Just as tech giants like Apple (NASDAQ: AAPL ) and Google (NASDAQ: GOOGL ) upended the traditional phone market by incorporating Internet connectivity and a smarter user interface, many tech players have spent the past several years focused on breaking into the historically staid, boring television market. The living room is filling up with newcomers and old incumbents alike seeking to capture the future of the TV market. Over the past few weeks, a few companies are showing new momentum while others are falling behind.
Leading the pack ...
One big piece of news out of this week's Consumer Electronics Show was the announcement that Time Warner Cable (NYSE: TWC ) had agreed to stream more than 300 live channels through the Roku set-top box. This was a huge win for Roku, the feisty newcomer that in 2008 launched the first set-top box player designed to stream Netflix (NASDAQ: NFLX ) over the Internet to a television.
Since then, Roku has expanded to offer popular applications such as Hulu, Google's YouTube, Amazon.com (NASDAQ: AMZN ) Instant Video, and Time Warner's (NYSE: TWX ) HBO GO, as well as content from hundreds of channels. The Time Warner Cable deal not only provides Roku with the broadest array of content channels of any set-top Internet video player, but it also marks the first time that the major cable distributor has made its Internet streaming app, TWC TV, available for use on a television, as previously it was available only on "second screens" like mobile devices and laptop computers.
This was a smart move for Time Warner Cable as well, allowing the company to hedge its bets somewhat by selling access to content through the very platforms that are threatening its traditional dominance. The company is attempting to ward off "cord-cutting," the practice of abandoning cable TV in favor of Internet video streaming, by integrating its products into the Internet video ecosystem. In the short term, the deal probably won't mean much for consumers, because the TWC TV app is available only for cable subscribers on a home network, meaning all the Roku really does in this case is to replace a cable box. The deal does show that Time Warner Cable is willing to fight and adapt to defend its turf, however.
Another big winner recently has been Netflix itself, which has been feverishly acquiring the rights to new content in recent months. After making history by beating out traditional premium cable channels to scoop up the rights to distribute Disney content last month, this week the company has scored the rights to stream eight popular Time Warner dramas, including hit titles such as Fringe and West Wing that Netflix stole out from underneath streaming-video competitor Amazon. While Netflix hasn't always disclosed the sums it pays for content, the company is certainly taking a big bet. Over the next decade, it might have as much as $8 billion in liabilities for content licenses, a sum it will be able to pay only if its first-class programming secures paying subscribers.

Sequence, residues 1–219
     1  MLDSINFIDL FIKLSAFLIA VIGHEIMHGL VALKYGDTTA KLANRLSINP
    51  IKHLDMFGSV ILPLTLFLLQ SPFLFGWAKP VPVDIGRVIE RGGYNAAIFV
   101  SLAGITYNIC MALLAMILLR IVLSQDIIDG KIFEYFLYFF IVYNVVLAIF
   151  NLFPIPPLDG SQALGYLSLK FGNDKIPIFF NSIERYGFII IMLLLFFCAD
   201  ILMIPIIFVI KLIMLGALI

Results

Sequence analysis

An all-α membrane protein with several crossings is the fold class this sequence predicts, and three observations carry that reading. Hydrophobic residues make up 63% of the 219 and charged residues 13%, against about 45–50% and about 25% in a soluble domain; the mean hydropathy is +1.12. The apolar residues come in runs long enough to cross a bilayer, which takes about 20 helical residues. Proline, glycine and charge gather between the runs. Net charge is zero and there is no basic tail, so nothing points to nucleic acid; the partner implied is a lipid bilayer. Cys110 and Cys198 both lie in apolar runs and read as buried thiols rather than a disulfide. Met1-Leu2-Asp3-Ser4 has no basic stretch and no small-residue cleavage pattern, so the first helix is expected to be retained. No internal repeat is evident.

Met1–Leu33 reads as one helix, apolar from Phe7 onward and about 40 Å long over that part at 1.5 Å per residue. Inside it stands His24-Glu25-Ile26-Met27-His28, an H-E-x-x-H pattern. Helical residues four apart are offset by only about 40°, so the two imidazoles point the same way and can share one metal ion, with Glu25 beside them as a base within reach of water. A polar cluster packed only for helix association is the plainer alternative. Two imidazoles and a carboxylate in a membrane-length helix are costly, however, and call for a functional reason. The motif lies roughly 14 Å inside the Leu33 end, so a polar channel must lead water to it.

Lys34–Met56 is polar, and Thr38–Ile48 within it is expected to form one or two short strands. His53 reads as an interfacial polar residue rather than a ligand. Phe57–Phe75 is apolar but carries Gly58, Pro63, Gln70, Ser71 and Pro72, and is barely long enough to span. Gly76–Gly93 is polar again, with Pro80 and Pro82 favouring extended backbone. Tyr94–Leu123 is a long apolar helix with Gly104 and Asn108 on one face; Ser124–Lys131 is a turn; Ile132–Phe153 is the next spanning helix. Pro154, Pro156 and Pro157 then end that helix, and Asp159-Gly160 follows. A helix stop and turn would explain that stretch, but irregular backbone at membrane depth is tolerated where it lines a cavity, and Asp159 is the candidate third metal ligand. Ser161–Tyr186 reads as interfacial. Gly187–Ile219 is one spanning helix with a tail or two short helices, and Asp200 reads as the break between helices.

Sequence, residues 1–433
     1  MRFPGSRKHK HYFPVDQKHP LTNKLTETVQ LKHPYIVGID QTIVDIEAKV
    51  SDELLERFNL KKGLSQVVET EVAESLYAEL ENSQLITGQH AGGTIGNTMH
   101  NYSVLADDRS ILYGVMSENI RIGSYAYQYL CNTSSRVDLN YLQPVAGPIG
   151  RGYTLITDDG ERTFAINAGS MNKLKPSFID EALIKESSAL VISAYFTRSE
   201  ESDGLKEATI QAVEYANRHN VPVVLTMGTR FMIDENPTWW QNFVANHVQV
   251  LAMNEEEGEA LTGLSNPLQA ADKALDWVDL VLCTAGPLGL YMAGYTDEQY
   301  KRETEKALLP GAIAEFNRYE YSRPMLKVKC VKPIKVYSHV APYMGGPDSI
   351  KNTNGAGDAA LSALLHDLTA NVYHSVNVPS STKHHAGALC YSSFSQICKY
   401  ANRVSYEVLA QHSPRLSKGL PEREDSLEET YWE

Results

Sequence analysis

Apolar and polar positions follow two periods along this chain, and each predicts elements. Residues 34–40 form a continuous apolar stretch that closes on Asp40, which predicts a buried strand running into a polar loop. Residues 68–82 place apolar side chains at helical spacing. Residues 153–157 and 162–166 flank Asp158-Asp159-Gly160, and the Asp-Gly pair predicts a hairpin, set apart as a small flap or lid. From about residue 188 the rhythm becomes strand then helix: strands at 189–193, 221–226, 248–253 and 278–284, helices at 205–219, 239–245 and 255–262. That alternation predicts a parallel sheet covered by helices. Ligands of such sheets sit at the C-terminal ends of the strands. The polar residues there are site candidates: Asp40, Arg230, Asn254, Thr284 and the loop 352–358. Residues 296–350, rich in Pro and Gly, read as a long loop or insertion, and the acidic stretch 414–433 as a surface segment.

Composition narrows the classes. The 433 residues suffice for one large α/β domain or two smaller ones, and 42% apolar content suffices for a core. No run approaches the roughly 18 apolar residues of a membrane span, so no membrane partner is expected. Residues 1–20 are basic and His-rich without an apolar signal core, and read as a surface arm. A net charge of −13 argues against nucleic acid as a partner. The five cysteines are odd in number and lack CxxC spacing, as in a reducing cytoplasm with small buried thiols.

Gotta play to win
Amazon may have lost some valuable content recently, but for now the real loser in this space has to be Apple. The company's own set-top offering, Apple TV, has been around since 2007, yet it has failed to revolutionize the television market the way Apple's hardware has done for the smartphone and tablet markets. For years, then, observers have been waiting for Apple's flashy launch into the TV space, whether through a new and improved set-top that really captured hearts and minds, or through a much-fabled television-sized screen along the lines of a gigantic iPad: an "iPanel," if you will.
So far though, nothing. iTunes remains a valuable content distribution system, but Apple has historically won markets through the force of its integrated hardware/software consumer products, not through software alone. As the hardware space gets increasingly colonized by new competitors like Roku and old enemies like Samsung, which is already producing smart TVs, and the software-centric video distribution space gets divided up between Netflix, Amazon, Hulu, YouTube and others, Apple's window to strike out for market share is shrinking.
That's not to count Apple out. With more than $100 billion in spare cash to play with and an excellent brand, Apple could make a push into the living room whenever it wants to -- if, in fact, it wants to. The television market has notoriously low margins: Industry leader Samsung makes only about a 5% operating margin on its TVs, while Apple is more accustomed to double digits. Apple may simply choose to sit this one out.
Bet on the bookie
If Netflix, Amazon, Google, and (possibly) Apple are the horses in this race, then studios like Walt Disney (NYSE: DIS ) and Time Warner are the bookies. They make money no matter who wins. Internet video streaming is just a new method for content distribution, and that gives original content creators more platforms on which to monetize their programming. Walt Disney and Time Warner haven't been signing nine-figure content deals with Netflix out of charity. As distributors compete fiercely for the most lucrative content, they will have to bid more and more for the best programming, allowing the lion's share of economic profit to revert to the content owners.
Disney is the nation's largest media company. Time Warner, which spun off its cable distribution business Time Warner Cable in 2009, owns properties like HBO, Warner Brothers, and New Line Cinema; is the most prolific creator of hit shows and films; and is the purest play on video content. No matter how viewers will access content in the future, what they'll be watching won't be very different, and the proliferation of new distribution methods will be a windfall to the big studios.
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